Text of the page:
Under the Bill, an independent infrastructure planning commission would decide whether to approve such projects. Environmental groups and MPs from all parties have condemned the proposals as an affront to democracy. They say the final say on such developments should not be handed to an unelected quango but should be retained by ministers accountable to the public.

This raises major concerns over the democratic accountability of decision-making for major infrastructure which will affect peoples’ lives for more than just 42 days

A comment piece on the Guardian website added:

It rejected calls for the impact on climate change to be part of the commission’s remit. It wants the new system to speed through projects that have been stuck for years in the slow (but democratic) planning system.

A further irony is that, at least upon my last reading of the bill documentation (yes I have read it) the Government proposed not to include railway infrastructure because there was no forseen requirement for major infrastructure on the rail network (the multiple planning applications to each local authority on the West Coast Mainline for upgrading undoubtedly contributed to the project delays).

There is a need to speed up the planning process for major infrastructure. There’s a need to make sure decisions on new wind farms and power stations are made in the near future and nobody wants the Terminal 5 planning debacle again. The inquiry cost £80m, heard 700 witnesses, and took eight years from first application to government approval.

The Guardian comment sums up the political debates nicely:

The fantasy politics comes from the almost mythic status that monetary independence for the Bank of England has assumed in the Brown story. It was his most successful single act, so he wants to repeat it. Planning is about balancing different needs. It isn’t about expertise or arcane knowledge. A body told to keep inflation low will get on with it. A body told to get things built, will get things built. Remit is all. But deciding if a wind farm is more useful because of the power it generates than it is damaging because of its impact on a landscape – that’s about balancing interests. There is no obvious “right” answer. It is for politics, and argument, not for closed meetings and phoney experts.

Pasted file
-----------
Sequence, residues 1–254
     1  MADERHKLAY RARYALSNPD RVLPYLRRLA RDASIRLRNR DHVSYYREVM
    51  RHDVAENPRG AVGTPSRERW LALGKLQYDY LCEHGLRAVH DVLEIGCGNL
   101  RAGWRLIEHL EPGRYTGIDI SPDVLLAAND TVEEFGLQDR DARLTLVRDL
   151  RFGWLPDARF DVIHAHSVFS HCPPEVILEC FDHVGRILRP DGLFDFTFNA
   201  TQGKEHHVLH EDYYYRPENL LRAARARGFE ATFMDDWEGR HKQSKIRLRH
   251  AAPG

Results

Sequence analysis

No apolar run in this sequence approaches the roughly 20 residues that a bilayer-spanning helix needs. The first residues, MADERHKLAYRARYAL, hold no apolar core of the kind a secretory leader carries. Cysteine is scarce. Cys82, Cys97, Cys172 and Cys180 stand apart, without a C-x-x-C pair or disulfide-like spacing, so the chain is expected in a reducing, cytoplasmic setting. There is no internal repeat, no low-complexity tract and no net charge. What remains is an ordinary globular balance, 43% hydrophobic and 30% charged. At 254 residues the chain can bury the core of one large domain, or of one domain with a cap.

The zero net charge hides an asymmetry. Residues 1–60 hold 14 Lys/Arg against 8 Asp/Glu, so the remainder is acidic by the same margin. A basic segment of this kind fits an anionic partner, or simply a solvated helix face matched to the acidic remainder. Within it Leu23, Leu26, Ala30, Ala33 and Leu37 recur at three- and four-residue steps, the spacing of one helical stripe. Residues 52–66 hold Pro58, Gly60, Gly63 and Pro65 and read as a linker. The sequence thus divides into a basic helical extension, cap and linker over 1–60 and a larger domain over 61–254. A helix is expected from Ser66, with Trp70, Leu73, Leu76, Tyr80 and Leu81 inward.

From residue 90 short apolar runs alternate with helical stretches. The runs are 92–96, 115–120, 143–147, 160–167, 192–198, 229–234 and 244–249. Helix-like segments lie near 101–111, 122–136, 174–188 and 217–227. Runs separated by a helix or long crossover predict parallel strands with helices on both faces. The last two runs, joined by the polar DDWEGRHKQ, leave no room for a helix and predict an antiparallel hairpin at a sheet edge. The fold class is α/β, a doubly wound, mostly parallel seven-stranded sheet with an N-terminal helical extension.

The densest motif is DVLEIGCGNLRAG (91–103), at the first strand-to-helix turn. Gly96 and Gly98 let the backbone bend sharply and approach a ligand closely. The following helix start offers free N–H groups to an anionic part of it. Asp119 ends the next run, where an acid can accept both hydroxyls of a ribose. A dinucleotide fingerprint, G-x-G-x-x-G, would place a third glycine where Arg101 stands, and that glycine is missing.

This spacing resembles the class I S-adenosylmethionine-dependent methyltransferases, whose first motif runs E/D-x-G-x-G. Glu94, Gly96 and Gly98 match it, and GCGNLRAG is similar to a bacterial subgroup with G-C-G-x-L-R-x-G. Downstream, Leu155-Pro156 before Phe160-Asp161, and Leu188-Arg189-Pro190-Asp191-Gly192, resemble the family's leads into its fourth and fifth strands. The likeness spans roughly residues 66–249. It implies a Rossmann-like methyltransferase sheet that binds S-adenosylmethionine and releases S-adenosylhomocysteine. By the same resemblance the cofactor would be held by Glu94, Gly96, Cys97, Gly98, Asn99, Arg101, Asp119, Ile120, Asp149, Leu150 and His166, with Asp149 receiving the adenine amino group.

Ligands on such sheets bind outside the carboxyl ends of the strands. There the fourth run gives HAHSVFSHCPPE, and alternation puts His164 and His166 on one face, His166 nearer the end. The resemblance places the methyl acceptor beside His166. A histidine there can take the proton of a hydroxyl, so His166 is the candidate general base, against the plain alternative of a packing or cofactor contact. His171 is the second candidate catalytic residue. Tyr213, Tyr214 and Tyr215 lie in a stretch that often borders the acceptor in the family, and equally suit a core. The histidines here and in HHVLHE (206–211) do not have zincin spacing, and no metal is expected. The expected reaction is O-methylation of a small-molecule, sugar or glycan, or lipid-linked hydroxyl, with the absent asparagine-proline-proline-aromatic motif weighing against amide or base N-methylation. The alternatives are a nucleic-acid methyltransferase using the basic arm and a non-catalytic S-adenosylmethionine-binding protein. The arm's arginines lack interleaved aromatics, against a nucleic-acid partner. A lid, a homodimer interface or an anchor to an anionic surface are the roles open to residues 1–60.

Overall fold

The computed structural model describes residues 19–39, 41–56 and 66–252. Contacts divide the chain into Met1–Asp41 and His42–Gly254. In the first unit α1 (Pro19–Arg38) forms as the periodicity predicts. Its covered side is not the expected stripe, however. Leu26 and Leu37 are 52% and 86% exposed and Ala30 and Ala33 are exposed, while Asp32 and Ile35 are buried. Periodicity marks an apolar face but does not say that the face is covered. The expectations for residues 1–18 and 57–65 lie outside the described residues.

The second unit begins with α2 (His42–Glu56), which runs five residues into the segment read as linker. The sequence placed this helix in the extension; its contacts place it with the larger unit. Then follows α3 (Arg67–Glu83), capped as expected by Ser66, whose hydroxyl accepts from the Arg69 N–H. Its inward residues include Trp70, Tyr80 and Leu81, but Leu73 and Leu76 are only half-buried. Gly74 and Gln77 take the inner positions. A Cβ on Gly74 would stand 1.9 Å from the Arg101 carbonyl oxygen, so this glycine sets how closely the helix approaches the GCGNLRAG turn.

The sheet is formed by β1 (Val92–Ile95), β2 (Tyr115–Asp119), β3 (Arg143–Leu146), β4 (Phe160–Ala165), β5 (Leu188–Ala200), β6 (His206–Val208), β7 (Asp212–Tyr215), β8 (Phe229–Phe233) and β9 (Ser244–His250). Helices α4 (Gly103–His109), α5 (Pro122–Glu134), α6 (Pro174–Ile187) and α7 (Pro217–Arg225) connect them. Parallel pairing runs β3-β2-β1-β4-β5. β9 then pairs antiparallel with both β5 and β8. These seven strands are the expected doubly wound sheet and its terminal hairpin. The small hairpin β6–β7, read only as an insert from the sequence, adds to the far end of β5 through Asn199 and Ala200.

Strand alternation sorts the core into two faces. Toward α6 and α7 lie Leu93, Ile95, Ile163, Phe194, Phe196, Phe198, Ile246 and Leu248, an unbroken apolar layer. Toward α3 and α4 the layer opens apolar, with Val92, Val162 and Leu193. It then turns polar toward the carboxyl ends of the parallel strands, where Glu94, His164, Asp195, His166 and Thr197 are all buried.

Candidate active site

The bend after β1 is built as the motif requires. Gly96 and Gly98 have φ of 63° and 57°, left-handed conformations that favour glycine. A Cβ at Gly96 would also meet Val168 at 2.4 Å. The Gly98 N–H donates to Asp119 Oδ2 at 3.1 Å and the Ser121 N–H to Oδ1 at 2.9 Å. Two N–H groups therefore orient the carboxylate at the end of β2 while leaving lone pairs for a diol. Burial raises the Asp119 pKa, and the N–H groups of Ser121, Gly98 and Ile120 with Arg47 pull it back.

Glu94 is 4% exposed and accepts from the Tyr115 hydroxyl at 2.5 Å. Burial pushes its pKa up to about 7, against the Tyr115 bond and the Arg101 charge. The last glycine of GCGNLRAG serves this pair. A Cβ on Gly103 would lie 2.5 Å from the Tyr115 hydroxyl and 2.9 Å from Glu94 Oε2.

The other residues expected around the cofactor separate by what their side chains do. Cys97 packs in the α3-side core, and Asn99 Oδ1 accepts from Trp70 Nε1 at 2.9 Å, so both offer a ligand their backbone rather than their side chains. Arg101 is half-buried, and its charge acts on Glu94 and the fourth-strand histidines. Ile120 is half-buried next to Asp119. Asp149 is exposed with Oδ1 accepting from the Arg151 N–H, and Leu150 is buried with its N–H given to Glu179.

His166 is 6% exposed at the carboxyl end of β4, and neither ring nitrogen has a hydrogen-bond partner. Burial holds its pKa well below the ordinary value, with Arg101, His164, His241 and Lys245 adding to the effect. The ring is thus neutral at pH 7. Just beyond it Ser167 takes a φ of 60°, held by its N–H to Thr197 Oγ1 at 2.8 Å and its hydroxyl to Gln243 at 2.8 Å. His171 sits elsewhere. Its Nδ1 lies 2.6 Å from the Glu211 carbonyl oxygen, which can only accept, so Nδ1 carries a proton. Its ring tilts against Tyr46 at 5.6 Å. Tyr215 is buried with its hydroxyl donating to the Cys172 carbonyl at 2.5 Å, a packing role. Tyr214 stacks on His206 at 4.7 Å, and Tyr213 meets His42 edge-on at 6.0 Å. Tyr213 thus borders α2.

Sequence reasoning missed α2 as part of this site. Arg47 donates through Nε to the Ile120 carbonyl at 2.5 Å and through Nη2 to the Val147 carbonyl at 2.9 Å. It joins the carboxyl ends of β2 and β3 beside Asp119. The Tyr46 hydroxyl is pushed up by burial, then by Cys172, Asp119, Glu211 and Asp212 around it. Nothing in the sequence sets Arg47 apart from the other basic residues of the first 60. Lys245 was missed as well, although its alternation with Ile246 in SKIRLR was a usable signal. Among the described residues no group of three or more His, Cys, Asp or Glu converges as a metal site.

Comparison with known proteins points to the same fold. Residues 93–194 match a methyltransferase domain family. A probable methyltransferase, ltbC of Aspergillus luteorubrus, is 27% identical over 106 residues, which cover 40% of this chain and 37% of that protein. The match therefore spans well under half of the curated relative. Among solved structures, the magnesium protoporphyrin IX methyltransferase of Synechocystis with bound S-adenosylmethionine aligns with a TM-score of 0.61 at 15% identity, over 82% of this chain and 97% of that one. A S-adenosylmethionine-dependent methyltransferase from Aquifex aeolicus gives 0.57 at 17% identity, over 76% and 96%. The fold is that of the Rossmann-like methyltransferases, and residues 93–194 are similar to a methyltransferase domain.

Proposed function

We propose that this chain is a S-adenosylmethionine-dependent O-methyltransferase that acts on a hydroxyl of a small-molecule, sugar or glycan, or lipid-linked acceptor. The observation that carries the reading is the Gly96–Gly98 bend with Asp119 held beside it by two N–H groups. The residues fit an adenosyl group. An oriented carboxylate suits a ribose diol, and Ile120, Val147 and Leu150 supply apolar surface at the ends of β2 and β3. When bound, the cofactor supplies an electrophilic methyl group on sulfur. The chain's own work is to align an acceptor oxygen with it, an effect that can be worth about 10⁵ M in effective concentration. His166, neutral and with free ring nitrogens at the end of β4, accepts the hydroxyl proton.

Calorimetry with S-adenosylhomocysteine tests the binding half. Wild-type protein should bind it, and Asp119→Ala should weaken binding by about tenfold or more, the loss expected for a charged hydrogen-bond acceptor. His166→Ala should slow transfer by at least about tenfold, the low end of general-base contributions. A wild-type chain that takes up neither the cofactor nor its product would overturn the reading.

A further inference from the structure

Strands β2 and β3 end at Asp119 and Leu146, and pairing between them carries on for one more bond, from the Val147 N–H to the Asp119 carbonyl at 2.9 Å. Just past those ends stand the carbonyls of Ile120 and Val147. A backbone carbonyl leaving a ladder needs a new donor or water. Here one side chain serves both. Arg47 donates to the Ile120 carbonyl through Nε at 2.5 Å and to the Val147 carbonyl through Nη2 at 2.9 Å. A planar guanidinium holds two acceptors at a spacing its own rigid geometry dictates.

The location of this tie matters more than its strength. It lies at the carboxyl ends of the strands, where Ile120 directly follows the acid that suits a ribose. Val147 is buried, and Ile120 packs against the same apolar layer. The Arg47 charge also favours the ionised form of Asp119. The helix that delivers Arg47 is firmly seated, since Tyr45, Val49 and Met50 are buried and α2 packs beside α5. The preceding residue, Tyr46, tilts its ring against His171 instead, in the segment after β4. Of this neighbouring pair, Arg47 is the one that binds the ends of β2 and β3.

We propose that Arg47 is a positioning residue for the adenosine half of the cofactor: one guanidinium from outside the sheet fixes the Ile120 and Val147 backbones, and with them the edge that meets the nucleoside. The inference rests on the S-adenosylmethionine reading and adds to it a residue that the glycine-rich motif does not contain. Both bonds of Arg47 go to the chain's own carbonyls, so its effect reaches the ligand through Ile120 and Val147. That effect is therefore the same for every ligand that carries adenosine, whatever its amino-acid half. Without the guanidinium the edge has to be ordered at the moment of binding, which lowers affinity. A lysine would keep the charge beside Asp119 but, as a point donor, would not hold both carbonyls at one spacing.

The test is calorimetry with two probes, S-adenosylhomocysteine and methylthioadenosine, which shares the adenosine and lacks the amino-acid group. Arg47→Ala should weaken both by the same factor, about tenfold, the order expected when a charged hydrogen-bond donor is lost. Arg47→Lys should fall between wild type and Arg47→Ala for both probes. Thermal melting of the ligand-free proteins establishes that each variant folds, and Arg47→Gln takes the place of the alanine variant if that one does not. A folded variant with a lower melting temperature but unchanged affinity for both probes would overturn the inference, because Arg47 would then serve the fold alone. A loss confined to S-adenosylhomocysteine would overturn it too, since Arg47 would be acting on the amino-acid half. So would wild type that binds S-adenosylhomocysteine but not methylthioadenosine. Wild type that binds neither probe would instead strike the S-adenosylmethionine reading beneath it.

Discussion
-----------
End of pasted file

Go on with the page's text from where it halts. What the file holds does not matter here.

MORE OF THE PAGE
The proposed means of decision making is simply wrong, regardless of any concessions that may be offered. It takes democracy away from decision-making. A different approach is needed which allows both speed and democracy, allows people to make their case but takes into account the much wider benefit of infrastructure. The democratic deficit can work the other way around too (where small-scale decisions are made by elected councilors who are voted by residents but may affect more people than those living in the area).

Coming so soon after other concerns about democratic rights the government is once again setting itself on a collision course with its own party and those who vote for it.


London, New York and Paris (the sex of the city)

23 June 2008

I randomly stumbled upon this quote on TheLondonWord blog which made me smile…

Cities have sexes: London is a man, Paris a woman, and New York a well-adjusted transsexual.

I have never read anything by Angela Carter before but if she’s this amusingly perceptive I may have to do so… or alternatively move to New York

(now where’s my high heels?)


%d bloggers like this: